Biden calls Republican debt ceiling offer ‘unacceptable’ ahead of call with McCarthy

HIROSHIMA, Japan, May 21 (Reuters) – President Joe Biden on Sunday called “unacceptable” the latest Republican offer in negotiations to raise the government’s debt ceiling, but said he was willing to cut spending along with tax changes to reach a deal.

Before leaving Hiroshima, Japan, after a meeting of G7 leaders, Biden suggested some Republicans in Congress were willing to default on the U.S. debt so that disastrous results would prevent Biden, a Democrat, from winning re-election in 2024.

With less than two weeks to go until June 1, the Treasury Department has warned that the central government may not be able to pay off all its debts. This would trigger chaos in financial markets and defaults that would raise interest rates.

Biden said he would speak with the top Republican in Congress, Kevin McCarthy, on his flight home and was waiting to talk directly with House Speaker Biden.

“Most of what they’ve already proposed is simply, quite frankly, unacceptable,” Biden said. “It’s time for Republicans to accept that there is no bipartisan deal, only on their party terms. They need to move, too.”

McCarthy said in an interview on Fox News that he expects to speak with Biden on Sunday morning.

“There’s no acknowledgment of the difficulty,” McCarthy said on “Sunday Morning Futures with Maria Bartiromo,” accusing Biden of changing course after earlier debates promised compromise. “We were in a good place and he’s going overseas and now he wants to change the debate.”

Talks have heated up over the past two days. Democratic and Republican negotiators said Friday’s meetings at the Capitol produced no progress and the two sides did not meet Saturday. Instead, each has turned to calling the other’s position extremist.

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The Democratic president has said he has the power to invoke the 14th Amendment to the U.S. Constitution to raise the debt ceiling without Congress, but it’s not clear there is enough time to invoke the untested legal doctrine to avoid default.

U.S. President Joe Biden attends the Quad leaders meeting with Japanese Prime Minister Fumio Kishida, Indian Prime Minister Narendra Modi and Australian Prime Minister Anthony Albanese on May 20, 2023 in Hiroshima, Japan. Kenny Holston/Pool via REUTERS

US Treasury Secretary Janet Yellen said in a televised interview Sunday that June 1 is a “hard deadline” to raise the federal debt ceiling, telling NBC News that the chances of the government collecting enough revenue to pay its bills through June are “very slim.” 15, when more tax receipts arrive.

Republicans have proposed increasing defense spending while cutting overall spending, a source familiar with the negotiations said. The source said the Biden administration proposed keeping non-defense discretionary spending flat for next year.

Default concerns weigh on markets. The U.S. was forced to pay higher interest rates on worries about the latest debt relief and a lack of deal weighing on U.S. stocks on Friday.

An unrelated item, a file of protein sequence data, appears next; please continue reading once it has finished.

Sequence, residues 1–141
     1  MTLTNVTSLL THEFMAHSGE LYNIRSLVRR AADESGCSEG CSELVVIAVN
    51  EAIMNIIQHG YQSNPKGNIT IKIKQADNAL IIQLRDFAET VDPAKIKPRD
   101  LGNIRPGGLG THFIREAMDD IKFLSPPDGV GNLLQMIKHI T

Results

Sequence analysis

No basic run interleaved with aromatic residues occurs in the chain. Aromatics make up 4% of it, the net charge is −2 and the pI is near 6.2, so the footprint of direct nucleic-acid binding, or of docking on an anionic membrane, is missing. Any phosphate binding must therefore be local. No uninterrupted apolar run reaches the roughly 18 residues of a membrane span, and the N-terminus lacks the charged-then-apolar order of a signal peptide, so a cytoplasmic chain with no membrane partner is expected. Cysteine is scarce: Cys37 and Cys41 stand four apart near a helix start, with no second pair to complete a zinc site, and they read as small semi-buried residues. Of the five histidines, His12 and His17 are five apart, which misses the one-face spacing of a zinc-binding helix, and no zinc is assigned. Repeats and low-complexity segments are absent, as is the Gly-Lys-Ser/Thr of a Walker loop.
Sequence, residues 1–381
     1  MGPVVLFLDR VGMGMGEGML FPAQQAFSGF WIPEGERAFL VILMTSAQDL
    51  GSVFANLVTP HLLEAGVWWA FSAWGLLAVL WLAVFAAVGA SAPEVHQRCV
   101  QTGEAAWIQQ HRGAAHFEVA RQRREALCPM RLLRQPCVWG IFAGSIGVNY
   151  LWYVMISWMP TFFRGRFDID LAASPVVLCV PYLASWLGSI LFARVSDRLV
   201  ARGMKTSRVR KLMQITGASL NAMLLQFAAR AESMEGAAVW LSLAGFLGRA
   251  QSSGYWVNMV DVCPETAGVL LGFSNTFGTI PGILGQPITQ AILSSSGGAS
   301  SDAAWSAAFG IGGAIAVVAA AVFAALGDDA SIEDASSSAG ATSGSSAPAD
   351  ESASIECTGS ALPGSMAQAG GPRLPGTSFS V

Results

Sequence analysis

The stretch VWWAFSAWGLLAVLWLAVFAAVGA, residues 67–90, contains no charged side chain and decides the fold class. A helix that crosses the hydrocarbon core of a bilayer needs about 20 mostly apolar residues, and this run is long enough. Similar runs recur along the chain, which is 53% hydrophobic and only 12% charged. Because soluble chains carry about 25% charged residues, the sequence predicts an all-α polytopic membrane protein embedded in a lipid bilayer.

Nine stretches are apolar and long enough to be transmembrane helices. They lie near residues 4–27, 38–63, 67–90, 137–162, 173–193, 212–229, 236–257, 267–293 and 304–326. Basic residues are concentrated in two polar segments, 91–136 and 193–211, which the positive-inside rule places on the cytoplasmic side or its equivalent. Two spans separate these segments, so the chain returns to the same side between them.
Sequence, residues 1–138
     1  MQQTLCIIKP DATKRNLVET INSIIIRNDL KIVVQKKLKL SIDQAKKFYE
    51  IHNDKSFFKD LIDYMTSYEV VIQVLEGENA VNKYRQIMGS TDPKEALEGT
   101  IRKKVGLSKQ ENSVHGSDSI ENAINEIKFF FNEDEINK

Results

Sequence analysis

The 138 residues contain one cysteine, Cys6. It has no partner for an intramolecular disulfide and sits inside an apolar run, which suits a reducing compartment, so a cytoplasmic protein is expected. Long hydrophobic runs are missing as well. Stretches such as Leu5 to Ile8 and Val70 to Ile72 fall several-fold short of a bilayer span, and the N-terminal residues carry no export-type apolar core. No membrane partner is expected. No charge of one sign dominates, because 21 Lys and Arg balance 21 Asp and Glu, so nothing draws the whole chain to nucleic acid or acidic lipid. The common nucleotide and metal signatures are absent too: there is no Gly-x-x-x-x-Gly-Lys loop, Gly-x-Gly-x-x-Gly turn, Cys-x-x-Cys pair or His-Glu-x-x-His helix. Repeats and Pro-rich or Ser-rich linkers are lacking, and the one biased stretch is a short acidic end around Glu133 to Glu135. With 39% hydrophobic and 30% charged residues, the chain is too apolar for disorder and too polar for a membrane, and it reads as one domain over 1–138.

Cost cuts

The Republican-led House passed legislation last month that would cut government spending by 8% next year. Democrats say they would force at least 22% average cuts in programs like education and law enforcement, which Republicans don’t dispute.

Republicans hold a slim majority in the House and Biden’s fellow Democrats have narrow control of the Senate, so no deal can pass without bipartisan support.

In exchange for raising the government’s self-imposed debt limit, Republicans are pushing for sharp spending cuts in several domestic programs, which are usually needed to offset spending cuts and tax cuts previously approved by lawmakers.

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Biden said he was willing to make spending cuts and was not worried they would lead to a recession, but he couldn’t agree to Republican demands.

The last time the country got this far was in 2011 with a Democratic president and a Republican-led Senate.

Congress eventually blocked default, but the economy suffered severe shocks, including the first downgrade of the US’s top-tier credit rating and a massive stock selloff.

Reporting by Trevor Hunnicutt; Editing by Simon Cameron-Moore

Our Standards: Thomson Reuters Trust Principles.

Jeff Mason

Thomson Reuters

Jeff Mason is a White House correspondent for Reuters. He has covered the presidencies of Barack Obama, Donald Trump, and Joe Biden, as well as the presidential campaigns of Biden, Trump, Obama, Hillary Clinton, and John McCain. He served as president of the White House Correspondents’ Association in 2016-2017, leading journalists in advocating for press freedom in the early days of the Trump administration. His and the WHCA’s work has been recognized by Deutsche Welle’s “Freedom of Speech Award”. Jeff has asked pointed questions of domestic and foreign leaders, including Russian President Vladimir Putin and North Korea’s Kim Jong Un. He is the winner of the WHCA’s “Best in Presidential News Coverage under Deadline Pressure” award and co-winner of the Association for Business Journalists’ “Breaking News” award. Jeff began his career in Frankfurt, Germany before being posted. Brussels, Belgium, where he covers the European Union. Jeff appears regularly on television and radio and teaches political journalism at Georgetown University. He is a graduate of Northwestern University’s Middle School of Journalism and a former Fulbright Scholar.

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